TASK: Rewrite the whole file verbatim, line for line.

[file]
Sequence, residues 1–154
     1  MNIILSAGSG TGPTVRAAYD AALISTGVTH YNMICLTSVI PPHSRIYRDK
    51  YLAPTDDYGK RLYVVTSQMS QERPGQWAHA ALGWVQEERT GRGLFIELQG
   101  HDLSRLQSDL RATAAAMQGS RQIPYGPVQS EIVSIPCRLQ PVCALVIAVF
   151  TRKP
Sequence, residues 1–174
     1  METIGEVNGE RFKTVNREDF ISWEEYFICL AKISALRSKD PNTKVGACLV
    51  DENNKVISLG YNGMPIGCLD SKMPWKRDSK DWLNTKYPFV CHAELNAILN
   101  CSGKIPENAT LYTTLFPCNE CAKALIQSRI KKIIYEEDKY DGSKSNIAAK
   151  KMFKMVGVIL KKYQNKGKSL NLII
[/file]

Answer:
Sequence, residues 1–154
     1  MNIILSAGSG TGPTVRAAYD AALISTGVTH YNMICLTSVI PPHSRIYRDK
    51  YLAPTDDYGK RLYVVTSQMS QERPGQWAHA ALGWVQEERT GRGLFIELQG
   101  HDLSRLQSDL RATAAAMQGS RQIPYGPVQS EIVSIPCRLQ PVCALVIAVF
   151  TRKP
Sequence, residues 1–174
     1  METIGEVNGE RFKTVNREDF ISWEEYFICL AKISALRSKD PNTKVGACLV
    51  DENNKVISLG YNGMPIGCLD SKMPWKRDSK DWLNTKYPFV CHAELNAILN
   101  CSGKIPENAT LYTTLFPCNE CAKALIQSRI KKIIYEEDKY DGSKSNIAAK
   151  KMFKMVGVIL KKYQNKGKSL NLII